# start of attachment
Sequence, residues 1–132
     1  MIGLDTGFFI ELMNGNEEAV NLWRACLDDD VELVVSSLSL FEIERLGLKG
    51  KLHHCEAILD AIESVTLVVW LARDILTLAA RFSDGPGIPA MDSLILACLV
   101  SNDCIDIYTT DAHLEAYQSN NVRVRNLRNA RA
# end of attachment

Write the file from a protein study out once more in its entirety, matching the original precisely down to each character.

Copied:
Sequence, residues 1–132
     1  MIGLDTGFFI ELMNGNEEAV NLWRACLDDD VELVVSSLSL FEIERLGLKG
    51  KLHHCEAILD AIESVTLVVW LARDILTLAA RFSDGPGIPA MDSLILACLV
   101  SNDCIDIYTT DAHLEAYQSN NVRVRNLRNA RA